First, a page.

An interindustry discussion: How can the fashion industry collectively achieve decarbonisation targets?

by Asian Dialogues on Sustainability in the Textile and Garment Sector last modified 2022-05-23T16:19:16+07:00
  • When May 19, 2022 from 02:30 PM to 04:00 PM (Asia/Bangkok / UTC700)
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Many global brands have signalled their commitment to keep the climate from warming more than 1.5 degrees Celsius by publicly putting their names to science-based climate targets. The Sustainable Apparel Coalition, which has over 130 brand members, has committed its members to a 45 percent reduction in emissions by 2030. At the COP26 meeting in November 2021, 130 companies joined in an announcement that they would reach net-zero emissions by 2050.

But how will we collectively achieve these targets? Writing for Wired, journalist Alden Wicker has written: “Forget swapping in energy-efficient light bulbs in retail stores—according to the World Resources Insti-tute, 96 percent of a fashion brand’s footprint is in its manufacturing supply chain. In other words, it’s the factories (and to a lesser extent, farmers who grow cotton and raise sheep for wool and cows for leather) who will have to do the work so brands can reach these lofty, well-publicized goals.”

This panel discussion brings together key industry perspectives for a candid conversation about how to collectively achieve our climate goals: will universal science-based targets will have the impact for which we hope? What’s the plan for achieving these targets? As an industry, are we aligned about what that plan should be? What role should context play in figuring it out (geography, infrastructure, politics)? What’s a just way to decide what each actor along the supply chain’s contribution to collective goals should be? How do we define equal effort?

The conversation will be moderated by Kim van der Weerd. Co-founder and Host of Manufactured Podcast, Intelligence Director at Transformers Foundation, and Advisor to the Asia Garment Hub.

SPEAKERS:

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Mitsuko S. Wong is the Sustainability Lead, Product and Supply Chain at Ralph Lauren. She is also the co-chair of the UN Fashion Charter’s Low Carbon Manufacturing Working Group and member of the Steering Committee. Mitsuko has a long track record working in climate and supply chain sustainability initiatives. In addition to holding non-profit and corporate roles, she has consulted on various subject matters from corporate sustainability strategy and reporting, to energy, carbon, water, and environmental management.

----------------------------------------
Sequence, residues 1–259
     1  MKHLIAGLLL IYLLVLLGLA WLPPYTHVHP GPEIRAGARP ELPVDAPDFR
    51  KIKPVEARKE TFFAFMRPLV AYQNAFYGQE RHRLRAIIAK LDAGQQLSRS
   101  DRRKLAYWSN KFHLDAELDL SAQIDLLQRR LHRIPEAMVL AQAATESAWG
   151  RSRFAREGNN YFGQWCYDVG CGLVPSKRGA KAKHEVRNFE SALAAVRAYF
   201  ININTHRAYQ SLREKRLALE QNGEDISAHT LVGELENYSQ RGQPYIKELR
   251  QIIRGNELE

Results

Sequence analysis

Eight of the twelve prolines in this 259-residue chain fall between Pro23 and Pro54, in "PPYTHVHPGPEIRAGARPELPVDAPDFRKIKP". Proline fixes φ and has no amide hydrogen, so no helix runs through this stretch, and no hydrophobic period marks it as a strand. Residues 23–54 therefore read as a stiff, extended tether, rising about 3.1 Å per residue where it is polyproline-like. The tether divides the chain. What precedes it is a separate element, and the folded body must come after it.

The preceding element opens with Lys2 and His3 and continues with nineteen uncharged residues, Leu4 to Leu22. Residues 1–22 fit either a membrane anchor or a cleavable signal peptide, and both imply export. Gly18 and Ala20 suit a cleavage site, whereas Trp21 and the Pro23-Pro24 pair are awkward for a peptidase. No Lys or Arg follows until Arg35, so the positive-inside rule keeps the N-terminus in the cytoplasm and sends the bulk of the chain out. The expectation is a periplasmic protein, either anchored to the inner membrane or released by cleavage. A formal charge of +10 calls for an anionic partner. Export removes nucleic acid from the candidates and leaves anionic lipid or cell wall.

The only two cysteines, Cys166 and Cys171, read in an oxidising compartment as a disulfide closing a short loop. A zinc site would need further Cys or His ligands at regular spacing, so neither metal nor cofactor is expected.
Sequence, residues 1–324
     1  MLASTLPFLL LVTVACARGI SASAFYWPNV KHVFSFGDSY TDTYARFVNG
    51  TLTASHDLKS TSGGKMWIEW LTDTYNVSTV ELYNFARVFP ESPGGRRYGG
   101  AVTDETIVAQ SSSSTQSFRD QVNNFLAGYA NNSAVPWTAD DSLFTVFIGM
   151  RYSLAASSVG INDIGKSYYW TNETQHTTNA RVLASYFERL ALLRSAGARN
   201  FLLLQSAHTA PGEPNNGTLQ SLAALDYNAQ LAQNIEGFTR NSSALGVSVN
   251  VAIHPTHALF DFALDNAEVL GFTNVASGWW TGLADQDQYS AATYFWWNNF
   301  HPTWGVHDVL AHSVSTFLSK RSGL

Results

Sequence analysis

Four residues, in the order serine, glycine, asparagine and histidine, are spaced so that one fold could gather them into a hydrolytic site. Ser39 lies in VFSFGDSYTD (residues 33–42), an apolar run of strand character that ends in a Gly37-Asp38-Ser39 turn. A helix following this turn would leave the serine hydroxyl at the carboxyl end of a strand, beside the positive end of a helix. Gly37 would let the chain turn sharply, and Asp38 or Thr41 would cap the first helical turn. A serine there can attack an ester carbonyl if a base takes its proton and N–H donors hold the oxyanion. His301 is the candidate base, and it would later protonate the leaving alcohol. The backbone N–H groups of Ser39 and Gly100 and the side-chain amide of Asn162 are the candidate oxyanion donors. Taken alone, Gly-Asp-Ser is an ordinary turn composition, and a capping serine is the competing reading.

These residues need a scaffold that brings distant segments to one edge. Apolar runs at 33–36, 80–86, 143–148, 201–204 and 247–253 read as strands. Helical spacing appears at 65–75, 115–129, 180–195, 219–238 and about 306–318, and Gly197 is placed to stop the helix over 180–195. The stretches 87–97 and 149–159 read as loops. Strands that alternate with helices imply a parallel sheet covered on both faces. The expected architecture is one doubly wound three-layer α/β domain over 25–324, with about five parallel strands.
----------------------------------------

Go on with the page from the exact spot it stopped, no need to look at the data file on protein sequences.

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Bradley Abbot is a senior energy specialist with the Global Green Growth Institute and Leads the EU Switch Asia Funded Switch Garment Project. The Switch Garment project is a cooperation between GGGI the Garment Manufacturers Association in Cambodia, and the international energy and environment NGO Geres with the objective to improve competitiveness of Cambodian garment factories by scaling up investment in sustainable energy technologies and practices. Brad has worked for over 20 years as a resource efficiency and sustainability focused on the development and delivery of strategic initiatives covering the built environment, industrial process, and international development cooperation.

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Geoff Nichols
Employed by Nike for 27 years starting as Chemical Engineering Director in 1996 then holding roles in Innovation, Lean manufacturing and, since 2018 in Sustainability as Energy Deployment Director overseeing energy strategy deployment to the Nike supply chain. Geoff has worked for Nike in several Asia locations including Taiwan, South Korea, China, Vietnam, and Singapore.  Prior to Nike he worked in the construction chemicals industry in China, Saudi Arabia and the UK. Originally from New Zealand he has worked abroad since 1989. He is now back in New Zealand with his Irish wife and two of their three daughters.

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Martin Su is the Circulator and Chief Sustainability Officer at Yee Chain International Co.,Ltd, a fabric manufacturer headquartered in Taiwan and producing across Vietnam, China, and Indonesia for 20+ years. With a background in waste management and climate finance in both corporate and non-profit settings, Martin serves as the CSO for the company’s path towards a circular textile model. He has initiated collaborations with Fashion for Good, Forum for the Future, Ellen MacArthur Foundation, Circular Taiwan Network, and beyond.  Martin was invited as a speaker for G20 Workshop on Circular Fashion, selected as the Next Gen voices for the Copenhagen Fashion Summit and presented at various other local and global events, providing a manufacturer perspective on circular fashion.

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Zaki Saleemi is Vice President of Crescent Bahuman Ltd, the first vertical denim jeans company of Pakistan.  It is a purpose-built factory and residential campus spread over 600 acres of land that has an in-house recycling plant that consumes sourced post-consumer waste and internal post-industrial waste fiber.  This facility also has a Cradle 2 Cradle Gold certification. Zaki’s experience in the textile industry also includes Klass Textiles Mills, Gul Ahmed Textiles Mills, US Apparel & Textiles, Neela Denim (Sapphire Fibres Ltd), and Rajby Industries. Zaki is proud to be a part of Rivet magazine’s top 50 most influential denim personalities for the year 2021.